Germany′s Oettinger to take over EU Commission budget post | News | DW | 28.10.2016
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Germany's Oettinger to take over EU Commission budget post

German Günther Oettinger is to replace Kristalina Georgieva as the European Commission's budget commissioner. Bulgaria's Georgieva resigned on Friday and will move to become CEO of the World Bank.

European Commission head Jean-Claude Juncker made the announcement on Friday.

"It is with great regret that I have accepted Kristalina Georgieva's decision to resign from the commission. The fact that she has been asked to take a leading role in the World Bank is an acknowledgement and recognition of Kristalina Georgieva's many talents and her professionalism."

Juncker congratulated the former budget commissioner on her new role and announced that Günther Oettinger, presently the commissioner for Digital Economy and Society, would take over Georgieva's portfolio. Oettinger served as the state premier of Baden-Württemberg until 2010, after which he moved to the European Commission.

Georgieva back at the World Bank

Following the announcement, Georgieva tweeted her thanks to the European Union and her native Bulgaria.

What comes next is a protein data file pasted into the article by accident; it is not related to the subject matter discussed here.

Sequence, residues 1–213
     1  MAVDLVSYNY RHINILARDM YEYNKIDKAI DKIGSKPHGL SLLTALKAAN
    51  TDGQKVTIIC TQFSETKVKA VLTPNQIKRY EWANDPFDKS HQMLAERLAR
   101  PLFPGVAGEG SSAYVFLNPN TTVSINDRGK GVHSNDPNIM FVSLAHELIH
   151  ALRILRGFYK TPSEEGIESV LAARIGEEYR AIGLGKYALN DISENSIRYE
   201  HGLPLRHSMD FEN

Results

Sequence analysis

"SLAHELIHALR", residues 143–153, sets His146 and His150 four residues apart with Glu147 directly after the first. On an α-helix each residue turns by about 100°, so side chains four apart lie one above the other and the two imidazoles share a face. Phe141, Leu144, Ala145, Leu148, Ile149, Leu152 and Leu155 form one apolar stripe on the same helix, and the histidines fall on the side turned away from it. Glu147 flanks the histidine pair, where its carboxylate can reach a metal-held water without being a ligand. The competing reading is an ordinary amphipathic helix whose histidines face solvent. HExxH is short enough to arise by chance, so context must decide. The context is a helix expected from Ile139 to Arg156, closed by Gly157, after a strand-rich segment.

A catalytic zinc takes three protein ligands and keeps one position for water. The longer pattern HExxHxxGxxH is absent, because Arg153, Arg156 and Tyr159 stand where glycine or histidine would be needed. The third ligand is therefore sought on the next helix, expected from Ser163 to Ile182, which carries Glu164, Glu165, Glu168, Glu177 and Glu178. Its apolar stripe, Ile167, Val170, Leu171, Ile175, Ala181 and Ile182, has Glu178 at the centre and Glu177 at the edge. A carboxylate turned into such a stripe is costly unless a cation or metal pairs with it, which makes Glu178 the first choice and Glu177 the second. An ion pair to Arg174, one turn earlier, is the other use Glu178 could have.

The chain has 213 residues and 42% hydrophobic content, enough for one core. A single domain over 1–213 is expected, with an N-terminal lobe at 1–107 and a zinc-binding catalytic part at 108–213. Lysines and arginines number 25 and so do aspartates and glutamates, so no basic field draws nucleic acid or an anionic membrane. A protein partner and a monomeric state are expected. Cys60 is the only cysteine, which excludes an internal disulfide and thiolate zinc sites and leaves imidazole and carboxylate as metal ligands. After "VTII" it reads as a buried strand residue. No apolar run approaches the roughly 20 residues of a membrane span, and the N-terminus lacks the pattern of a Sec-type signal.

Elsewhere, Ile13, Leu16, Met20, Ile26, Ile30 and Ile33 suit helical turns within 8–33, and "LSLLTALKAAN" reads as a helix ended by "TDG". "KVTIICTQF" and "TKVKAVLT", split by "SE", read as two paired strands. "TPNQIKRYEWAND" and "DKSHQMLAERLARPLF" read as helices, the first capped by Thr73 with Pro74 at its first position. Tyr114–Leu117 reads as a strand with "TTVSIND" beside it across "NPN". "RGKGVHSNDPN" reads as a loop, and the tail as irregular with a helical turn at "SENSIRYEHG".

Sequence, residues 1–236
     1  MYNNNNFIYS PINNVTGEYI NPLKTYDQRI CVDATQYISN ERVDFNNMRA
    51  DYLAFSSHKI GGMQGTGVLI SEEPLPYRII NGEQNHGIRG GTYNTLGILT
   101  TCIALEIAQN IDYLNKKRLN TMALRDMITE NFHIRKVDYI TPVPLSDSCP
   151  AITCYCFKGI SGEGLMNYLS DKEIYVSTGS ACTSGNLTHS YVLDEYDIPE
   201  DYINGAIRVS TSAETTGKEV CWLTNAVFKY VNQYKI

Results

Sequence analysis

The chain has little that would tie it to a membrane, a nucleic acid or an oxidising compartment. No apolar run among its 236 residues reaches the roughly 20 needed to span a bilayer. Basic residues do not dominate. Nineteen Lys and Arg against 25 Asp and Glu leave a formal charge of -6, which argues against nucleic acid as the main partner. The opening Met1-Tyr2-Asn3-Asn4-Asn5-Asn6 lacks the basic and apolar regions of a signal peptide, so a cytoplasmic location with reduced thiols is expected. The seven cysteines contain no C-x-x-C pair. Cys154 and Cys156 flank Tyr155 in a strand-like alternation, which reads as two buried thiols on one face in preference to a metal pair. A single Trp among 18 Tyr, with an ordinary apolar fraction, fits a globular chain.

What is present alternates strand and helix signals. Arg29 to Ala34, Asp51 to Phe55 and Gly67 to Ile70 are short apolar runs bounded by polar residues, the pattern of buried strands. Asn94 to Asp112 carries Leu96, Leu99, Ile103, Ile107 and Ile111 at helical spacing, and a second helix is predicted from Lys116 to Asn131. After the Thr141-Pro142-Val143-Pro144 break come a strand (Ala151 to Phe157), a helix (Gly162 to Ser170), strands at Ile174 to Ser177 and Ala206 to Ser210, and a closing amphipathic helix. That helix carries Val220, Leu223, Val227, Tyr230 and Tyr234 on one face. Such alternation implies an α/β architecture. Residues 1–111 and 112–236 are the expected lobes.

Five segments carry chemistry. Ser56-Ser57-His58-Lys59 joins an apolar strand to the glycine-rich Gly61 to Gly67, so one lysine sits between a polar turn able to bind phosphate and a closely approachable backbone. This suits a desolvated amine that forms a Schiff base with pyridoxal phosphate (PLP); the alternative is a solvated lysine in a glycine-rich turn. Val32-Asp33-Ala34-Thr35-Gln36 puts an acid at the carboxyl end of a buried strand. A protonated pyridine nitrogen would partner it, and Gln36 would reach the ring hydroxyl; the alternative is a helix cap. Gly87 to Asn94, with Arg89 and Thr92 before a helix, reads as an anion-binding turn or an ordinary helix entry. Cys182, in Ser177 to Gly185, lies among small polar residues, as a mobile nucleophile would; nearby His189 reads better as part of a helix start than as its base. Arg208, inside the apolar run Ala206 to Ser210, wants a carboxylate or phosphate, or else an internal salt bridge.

In a statement published on the European Commission's website, Georgieva said it had been an honor for her to serve at the EU and in Bulgaria as the Commissioner for Humanitarian Aid. Georgieva had earlier worked in the World Bank until 2010.

"I want to thank President Juncker from the bottom of my heart for the opportunity to work in his team," Georgieva said, adding that she would return to Washington DC in the 2017. In the meantime, she would continue to work on pending issues, including the draft EU budget for 2017.

The World Bank's President, Jim Yong Kim, welcomed Georgieva's appointment through a Twitter message.

Georgieva featured in the news a couple of months ago, when she was nominated as a potential candidate for the UN Secretary General's post. She however lost out to former Portuguese Prime Minister Antonio Guterres, who will take over the position from South Korean Ban Ki-moon in January 2017.

mg/sms (AFP, Reuters)